But, he also mentions through a few points how not everything can be self-hosted. For example, his "Fan Funding" is done through Discord, his own shop (hosted on Shopify), Ko-Fi, and Direct Tips via PayPal for the purposes of diversification. Of those methods of diversifying his income from fans, only the PayPal option is technically not based on another service. Though I'm not super well-versed on how Discord helps with diversifying income, I know that there is a Server Subscriptions feature that has multiple price-points, likely set by the server's owner, that offer special perks to those willing to pay the fee. As for Ko-Fi, it's a simliar tool to PayPal in that it allows for semi-direct payments to the creator, but while it does offer one-time payments, the platform also includes a subscription/membership feature, similar to that of Patreon, which allows for creators to give monthly supporters special perks in advance of a public release.

Platforms like Ko-Fi, PayPal, Shopify, and Patreon are all examples of something people wouldn't exactly want to host themselves, in my opinion, due to complexities revolving around payment processors and the logistics of handling money in general. Personally, while I don't have any intention of selling merchandise or even hosting a PeerTube instance, for example, I do fully believe in having a variety of ways for people to post and sell content that they find important to them. Not everything can reaslistically be self-hosted, and not everything should be self-hosted for a variety of reasons.

Privacy, security, and even cost are good reasons to not host something yourself. The cost of self-hosting PeerTube could potentially be astronomical due to the sizes of the files you're uploading to the "platform," and even YouTube loses money on the site every day (it just helps that Google finds the service to be invaluable so they don't shut it down, they just start charging for certain things over time). The security that PayPal and Ko-Fi offer for payments, and anonymity to a degree, can't be overstated; not many people want to deal with setting up a tipping page with Stripe and HTML, they'd rather just link to a PayPal, Ko-Fi, or creator-oriented website that lets people tip them for the content being created. Services such as Shopify and SquareSpace make creating web shops, and in SquareSpace's case whole websites, as well, so simple for a reasonable, and understandable, fee.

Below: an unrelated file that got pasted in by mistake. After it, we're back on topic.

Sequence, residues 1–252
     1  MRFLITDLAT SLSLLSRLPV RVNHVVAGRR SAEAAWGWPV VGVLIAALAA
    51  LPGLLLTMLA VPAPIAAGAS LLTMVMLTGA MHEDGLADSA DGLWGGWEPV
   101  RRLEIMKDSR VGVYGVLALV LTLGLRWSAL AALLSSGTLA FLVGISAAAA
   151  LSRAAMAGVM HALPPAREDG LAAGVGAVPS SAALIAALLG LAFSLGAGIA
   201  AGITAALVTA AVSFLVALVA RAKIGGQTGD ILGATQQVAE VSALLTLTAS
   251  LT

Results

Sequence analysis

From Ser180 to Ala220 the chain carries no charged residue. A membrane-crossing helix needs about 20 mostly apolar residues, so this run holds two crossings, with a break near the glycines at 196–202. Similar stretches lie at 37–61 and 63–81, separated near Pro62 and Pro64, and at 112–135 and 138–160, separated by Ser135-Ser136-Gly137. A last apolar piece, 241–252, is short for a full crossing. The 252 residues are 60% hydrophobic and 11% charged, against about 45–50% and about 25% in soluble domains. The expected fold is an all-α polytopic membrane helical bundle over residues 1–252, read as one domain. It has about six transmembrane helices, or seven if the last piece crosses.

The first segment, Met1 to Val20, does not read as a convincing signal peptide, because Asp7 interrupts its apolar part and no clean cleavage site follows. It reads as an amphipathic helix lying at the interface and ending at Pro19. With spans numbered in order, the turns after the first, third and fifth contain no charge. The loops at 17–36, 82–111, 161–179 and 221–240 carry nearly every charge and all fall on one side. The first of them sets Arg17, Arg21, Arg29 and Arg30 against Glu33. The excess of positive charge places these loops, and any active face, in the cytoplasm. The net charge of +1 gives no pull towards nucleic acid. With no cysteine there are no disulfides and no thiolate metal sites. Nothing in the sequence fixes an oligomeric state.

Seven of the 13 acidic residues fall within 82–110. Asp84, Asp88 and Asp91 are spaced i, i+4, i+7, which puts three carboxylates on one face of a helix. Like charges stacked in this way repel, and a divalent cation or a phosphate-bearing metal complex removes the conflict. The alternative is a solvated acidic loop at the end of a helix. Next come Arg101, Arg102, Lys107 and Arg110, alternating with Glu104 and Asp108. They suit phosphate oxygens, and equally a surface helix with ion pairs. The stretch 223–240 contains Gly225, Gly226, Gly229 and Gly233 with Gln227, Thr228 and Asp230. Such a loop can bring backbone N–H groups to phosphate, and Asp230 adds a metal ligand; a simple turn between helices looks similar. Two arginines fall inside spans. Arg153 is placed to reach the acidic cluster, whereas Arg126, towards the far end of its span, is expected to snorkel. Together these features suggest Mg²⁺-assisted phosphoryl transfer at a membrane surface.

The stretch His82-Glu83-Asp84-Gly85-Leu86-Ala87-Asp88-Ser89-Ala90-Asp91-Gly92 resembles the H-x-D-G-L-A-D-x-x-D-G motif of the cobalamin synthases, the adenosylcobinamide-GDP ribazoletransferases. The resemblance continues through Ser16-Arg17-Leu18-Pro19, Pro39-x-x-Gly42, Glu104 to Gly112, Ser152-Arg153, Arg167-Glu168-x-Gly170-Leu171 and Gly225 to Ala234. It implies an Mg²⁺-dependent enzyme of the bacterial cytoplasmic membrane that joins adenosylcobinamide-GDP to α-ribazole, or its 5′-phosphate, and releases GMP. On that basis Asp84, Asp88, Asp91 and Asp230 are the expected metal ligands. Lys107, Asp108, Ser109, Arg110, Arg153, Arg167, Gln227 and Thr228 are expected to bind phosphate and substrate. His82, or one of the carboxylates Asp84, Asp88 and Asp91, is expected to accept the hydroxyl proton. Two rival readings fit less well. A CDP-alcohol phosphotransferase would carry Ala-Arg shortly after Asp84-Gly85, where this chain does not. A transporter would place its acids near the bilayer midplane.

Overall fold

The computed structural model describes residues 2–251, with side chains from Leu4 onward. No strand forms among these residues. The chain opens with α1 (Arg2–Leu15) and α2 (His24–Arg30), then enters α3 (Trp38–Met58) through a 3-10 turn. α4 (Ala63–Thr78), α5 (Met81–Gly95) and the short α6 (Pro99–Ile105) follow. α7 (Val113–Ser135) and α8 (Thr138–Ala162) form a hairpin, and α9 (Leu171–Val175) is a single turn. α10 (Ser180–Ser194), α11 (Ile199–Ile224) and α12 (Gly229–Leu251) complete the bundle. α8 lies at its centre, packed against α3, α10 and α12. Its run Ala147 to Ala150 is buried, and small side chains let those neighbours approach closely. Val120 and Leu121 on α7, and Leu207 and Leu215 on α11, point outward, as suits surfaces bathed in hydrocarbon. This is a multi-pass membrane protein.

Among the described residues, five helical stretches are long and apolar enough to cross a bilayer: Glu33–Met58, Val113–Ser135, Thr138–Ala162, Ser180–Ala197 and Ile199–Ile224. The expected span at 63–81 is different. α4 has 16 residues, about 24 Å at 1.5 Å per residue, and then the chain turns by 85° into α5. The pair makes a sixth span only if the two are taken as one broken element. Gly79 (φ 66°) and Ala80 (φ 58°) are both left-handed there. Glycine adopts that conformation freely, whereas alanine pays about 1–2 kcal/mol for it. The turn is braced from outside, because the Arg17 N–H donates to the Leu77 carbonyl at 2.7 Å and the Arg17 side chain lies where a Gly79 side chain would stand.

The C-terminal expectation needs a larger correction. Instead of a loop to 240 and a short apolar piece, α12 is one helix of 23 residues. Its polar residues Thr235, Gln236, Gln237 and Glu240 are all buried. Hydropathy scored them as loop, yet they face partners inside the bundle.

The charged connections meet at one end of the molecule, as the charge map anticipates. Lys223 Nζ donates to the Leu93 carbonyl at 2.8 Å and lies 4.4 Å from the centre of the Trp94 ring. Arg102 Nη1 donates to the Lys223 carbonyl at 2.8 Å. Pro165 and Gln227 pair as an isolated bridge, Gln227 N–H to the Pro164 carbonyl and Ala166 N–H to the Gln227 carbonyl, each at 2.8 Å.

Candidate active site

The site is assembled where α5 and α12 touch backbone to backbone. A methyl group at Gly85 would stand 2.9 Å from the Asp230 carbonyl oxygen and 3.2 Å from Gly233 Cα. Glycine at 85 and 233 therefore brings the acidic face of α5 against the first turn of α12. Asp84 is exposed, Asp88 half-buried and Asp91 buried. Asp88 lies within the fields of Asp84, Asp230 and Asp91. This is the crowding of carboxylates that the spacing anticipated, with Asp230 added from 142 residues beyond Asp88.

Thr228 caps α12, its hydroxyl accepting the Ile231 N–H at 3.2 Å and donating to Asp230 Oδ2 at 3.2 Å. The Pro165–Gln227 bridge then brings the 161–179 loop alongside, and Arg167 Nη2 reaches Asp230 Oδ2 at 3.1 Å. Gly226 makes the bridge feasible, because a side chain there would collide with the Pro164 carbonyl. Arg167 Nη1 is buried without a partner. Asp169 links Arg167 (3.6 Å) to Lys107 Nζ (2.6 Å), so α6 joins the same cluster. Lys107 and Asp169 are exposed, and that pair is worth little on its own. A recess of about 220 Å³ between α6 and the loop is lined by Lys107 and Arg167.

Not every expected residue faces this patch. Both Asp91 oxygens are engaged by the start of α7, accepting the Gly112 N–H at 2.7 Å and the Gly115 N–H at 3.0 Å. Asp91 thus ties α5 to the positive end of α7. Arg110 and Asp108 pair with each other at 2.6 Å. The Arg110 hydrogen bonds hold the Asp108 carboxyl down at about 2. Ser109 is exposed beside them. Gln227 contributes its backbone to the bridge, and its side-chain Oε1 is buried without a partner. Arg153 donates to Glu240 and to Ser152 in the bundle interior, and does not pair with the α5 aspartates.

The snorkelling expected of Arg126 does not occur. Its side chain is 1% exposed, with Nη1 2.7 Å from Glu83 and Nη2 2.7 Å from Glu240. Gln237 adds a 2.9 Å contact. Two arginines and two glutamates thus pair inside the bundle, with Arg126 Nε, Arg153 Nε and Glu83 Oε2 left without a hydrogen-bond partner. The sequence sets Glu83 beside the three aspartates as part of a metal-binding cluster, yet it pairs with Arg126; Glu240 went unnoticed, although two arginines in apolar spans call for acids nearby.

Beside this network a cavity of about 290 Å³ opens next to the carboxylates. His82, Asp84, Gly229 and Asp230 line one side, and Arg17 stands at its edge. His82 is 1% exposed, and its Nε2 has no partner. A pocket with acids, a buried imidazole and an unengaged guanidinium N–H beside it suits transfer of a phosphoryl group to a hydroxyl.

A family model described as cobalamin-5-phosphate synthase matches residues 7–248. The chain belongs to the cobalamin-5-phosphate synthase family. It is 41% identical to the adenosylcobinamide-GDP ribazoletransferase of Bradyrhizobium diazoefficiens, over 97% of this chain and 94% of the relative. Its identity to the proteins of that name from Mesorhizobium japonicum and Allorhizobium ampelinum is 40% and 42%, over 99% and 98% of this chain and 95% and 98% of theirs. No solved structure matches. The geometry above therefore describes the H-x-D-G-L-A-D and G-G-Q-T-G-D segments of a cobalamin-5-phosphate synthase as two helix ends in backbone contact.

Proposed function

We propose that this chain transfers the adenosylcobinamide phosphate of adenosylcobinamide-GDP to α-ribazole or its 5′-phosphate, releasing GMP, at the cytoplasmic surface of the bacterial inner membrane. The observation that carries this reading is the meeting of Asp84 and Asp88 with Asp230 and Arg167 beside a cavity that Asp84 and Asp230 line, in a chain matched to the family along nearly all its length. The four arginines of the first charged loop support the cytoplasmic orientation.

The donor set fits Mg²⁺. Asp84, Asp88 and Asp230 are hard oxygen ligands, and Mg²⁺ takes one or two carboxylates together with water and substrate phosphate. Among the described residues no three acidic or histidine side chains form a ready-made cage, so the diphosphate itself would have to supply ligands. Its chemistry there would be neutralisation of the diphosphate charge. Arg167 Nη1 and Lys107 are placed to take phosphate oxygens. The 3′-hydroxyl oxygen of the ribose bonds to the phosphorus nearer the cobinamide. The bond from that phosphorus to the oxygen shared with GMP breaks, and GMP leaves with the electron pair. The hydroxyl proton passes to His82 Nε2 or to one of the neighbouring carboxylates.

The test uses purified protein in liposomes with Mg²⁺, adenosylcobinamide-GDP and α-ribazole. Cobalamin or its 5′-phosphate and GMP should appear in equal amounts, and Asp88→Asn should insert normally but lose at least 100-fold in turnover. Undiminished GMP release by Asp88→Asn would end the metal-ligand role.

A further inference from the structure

All that to say, I view POSSE as a soon-to-be necessary tool for the future of the safety of the web. With providers like Reddit being gone after by the MPAA for piracy-related reasons, YouTube and Twitch having pretty strict rules around swearing, nudity, sexual content, and other "ad-unsafe" content, and Twitter just overall being a hellsite to be on, hosting things on your own and linking to it, or posting parts of it wholesale to other places with a link to the whole content on your own site, could be necessary in order to make sure your voice is being heard properly and without corporate oversight. As time goes on, and more websites and platforms move to the subscription model or are taken over by a corporate overlord, being able to host your own content will become more important. Some things will still be hard to get around, but even Twitch, YouTube, and Discord are seeing some small competition from OwnCast, PeerTube, and FOSScord and Revolt.chat for those who absolutely do not want to rely on services they don't get more control over.

Will everyone change to one of these services? Absolutely not, as modern society has prioritized convenience over control. But to those who do want to switch, the modern web is making it easier, with technology advancing further every day and FOSS projects allowing people to make their own decisions on where to host their content that much easier. Maybe Federation isn't the whole future, but it will be a part of the future of the internet, just as The United Federation of Planets was the future of the world in Star Trek, but in a much more limited capacity. And I am here for that.


I'm Nexan, the owner of this site, and an overall nerd. Read more about me at the About Page